Second, there is the question of the relative academic merits of these two groups. A quick way to judge is to watch Larsen Freeman’s IATEFL 2016 plenary and then to read as much as you can bear of Larsen-Freeman and Cameron (2008) Complex systems and applied linguistics. I think it’s fair to say that the obscurantist writing and the lack of clarity are notable. and that those familiar with the topics dealt with will also notice the poor standards of scholarship and argumentation displayed. In contrast, if you read Topics 7 and 8 in Cook and Singleton (2014) Key Topics in Second Language Acquisition, I think it’s fair to say that the writing is clear and the scholarship exemplary.    

Apart from regular appearances in the Cambridge English Teacher, a now defunct, promotional arm of Cambridge Assessment English, I can find no published work by Richardson in any applied linguistics or  ELT journal. Richardson rebukes conference organisers and teaching associations for giving under-informed speakers a platform to spread half-baked ideas. Yet she herself continues to use the biggest platforms at the biggest conference to deliver ill-informed and poorly judged opinions on SLA research.  Mind the glass.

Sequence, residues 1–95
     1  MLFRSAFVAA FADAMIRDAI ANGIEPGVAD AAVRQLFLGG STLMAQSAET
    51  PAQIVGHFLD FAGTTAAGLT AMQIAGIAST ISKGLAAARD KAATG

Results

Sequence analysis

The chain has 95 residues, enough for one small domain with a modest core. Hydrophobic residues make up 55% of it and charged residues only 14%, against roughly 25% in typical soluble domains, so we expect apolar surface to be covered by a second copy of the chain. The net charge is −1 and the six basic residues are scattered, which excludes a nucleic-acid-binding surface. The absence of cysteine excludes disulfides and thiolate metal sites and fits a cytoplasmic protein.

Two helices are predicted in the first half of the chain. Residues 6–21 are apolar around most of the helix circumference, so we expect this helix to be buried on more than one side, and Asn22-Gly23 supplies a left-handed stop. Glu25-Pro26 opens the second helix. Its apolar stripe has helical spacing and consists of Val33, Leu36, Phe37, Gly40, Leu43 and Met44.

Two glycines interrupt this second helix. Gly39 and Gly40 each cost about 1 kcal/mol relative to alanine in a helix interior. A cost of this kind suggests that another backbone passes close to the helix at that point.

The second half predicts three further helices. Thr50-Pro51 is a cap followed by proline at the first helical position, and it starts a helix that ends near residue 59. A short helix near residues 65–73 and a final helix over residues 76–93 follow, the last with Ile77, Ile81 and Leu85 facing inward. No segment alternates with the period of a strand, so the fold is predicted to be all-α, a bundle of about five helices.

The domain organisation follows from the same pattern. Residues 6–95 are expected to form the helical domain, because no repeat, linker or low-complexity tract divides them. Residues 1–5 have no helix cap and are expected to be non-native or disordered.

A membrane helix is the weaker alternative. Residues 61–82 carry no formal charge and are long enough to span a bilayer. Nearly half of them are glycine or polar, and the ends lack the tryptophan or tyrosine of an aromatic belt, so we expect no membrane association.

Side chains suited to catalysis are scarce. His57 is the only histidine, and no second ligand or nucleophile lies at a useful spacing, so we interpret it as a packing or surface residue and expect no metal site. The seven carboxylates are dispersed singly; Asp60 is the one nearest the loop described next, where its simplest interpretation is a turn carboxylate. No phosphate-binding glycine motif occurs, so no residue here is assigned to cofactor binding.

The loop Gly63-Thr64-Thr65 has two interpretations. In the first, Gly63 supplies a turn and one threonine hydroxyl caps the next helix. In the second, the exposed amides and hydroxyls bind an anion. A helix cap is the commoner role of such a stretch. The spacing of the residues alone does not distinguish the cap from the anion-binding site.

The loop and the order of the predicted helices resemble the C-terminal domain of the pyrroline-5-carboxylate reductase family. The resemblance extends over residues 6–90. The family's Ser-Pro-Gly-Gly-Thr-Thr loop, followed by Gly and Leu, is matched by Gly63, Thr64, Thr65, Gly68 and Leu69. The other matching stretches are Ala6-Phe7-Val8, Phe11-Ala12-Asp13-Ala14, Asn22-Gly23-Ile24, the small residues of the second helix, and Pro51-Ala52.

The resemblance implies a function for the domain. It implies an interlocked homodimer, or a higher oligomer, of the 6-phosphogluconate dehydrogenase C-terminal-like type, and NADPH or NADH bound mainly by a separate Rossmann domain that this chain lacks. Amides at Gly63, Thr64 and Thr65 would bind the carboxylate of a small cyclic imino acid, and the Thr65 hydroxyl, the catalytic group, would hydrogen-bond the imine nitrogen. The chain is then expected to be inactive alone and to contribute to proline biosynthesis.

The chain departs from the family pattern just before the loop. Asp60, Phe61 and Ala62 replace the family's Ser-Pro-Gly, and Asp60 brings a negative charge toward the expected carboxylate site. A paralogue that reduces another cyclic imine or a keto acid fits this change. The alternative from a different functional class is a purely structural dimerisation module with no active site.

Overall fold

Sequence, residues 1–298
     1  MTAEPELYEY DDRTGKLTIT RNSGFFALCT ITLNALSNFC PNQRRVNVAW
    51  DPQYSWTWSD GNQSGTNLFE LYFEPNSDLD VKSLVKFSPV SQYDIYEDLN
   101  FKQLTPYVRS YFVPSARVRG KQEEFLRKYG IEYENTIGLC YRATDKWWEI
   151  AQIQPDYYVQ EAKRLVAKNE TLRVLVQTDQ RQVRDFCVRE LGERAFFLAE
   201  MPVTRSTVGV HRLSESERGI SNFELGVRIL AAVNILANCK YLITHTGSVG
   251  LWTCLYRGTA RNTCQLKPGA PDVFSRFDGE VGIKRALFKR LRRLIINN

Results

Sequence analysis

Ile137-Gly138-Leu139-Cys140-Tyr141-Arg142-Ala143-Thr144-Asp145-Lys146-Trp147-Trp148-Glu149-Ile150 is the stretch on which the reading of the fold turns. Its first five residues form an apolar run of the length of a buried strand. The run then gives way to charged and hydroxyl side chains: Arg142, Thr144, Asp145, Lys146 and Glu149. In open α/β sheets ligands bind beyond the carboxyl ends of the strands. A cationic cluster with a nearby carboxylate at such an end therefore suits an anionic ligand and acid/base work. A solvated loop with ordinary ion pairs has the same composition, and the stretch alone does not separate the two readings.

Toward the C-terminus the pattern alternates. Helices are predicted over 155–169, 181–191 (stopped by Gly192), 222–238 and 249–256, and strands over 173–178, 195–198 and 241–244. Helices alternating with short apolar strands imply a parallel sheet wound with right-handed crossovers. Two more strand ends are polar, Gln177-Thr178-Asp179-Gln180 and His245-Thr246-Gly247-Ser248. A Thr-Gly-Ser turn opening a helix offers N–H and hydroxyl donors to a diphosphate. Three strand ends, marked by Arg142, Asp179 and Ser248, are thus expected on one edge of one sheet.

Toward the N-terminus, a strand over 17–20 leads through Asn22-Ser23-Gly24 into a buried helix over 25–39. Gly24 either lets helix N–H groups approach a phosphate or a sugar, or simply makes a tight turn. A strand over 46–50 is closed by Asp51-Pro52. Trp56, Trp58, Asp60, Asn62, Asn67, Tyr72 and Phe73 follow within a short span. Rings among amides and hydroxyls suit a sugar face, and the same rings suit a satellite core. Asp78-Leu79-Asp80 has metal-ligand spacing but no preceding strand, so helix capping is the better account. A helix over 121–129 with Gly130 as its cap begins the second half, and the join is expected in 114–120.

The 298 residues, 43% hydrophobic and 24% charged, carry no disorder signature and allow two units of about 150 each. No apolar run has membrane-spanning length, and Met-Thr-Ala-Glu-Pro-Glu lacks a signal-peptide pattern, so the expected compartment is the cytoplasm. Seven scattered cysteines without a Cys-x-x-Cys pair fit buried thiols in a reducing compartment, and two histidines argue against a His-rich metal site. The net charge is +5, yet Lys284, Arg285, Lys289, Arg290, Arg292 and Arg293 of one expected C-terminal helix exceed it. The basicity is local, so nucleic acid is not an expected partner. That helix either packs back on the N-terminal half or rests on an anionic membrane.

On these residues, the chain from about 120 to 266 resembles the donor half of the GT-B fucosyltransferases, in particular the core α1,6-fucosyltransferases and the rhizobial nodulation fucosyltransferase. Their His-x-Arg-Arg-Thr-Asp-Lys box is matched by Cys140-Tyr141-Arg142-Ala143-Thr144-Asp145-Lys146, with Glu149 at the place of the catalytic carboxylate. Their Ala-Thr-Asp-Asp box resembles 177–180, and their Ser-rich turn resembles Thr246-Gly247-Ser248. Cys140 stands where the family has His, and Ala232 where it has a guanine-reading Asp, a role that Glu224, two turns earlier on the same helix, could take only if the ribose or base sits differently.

Coursebooks: A Recap

In the light of two threads which I took part in on Twitter yesterday, I’d like to quickly re-cap my position on coursebooks.

In a number of posts, I’ve argued that coursebooks should be replaced by analytic syllabuses, for the following reasons:

1 Using a coursebook means that a lot of classroom time is devoted to talking about the L2 as an object. However, if communicative competence is the goal, better results can be obtained by devoting classroom time to students talking in the L2 about matters that are relevant to their needs. This, like the other reasons below, is based on a consideration of efficaciousness: coursebook-driven ELT is not efficacious – the results are better if you emphasise learning by doing.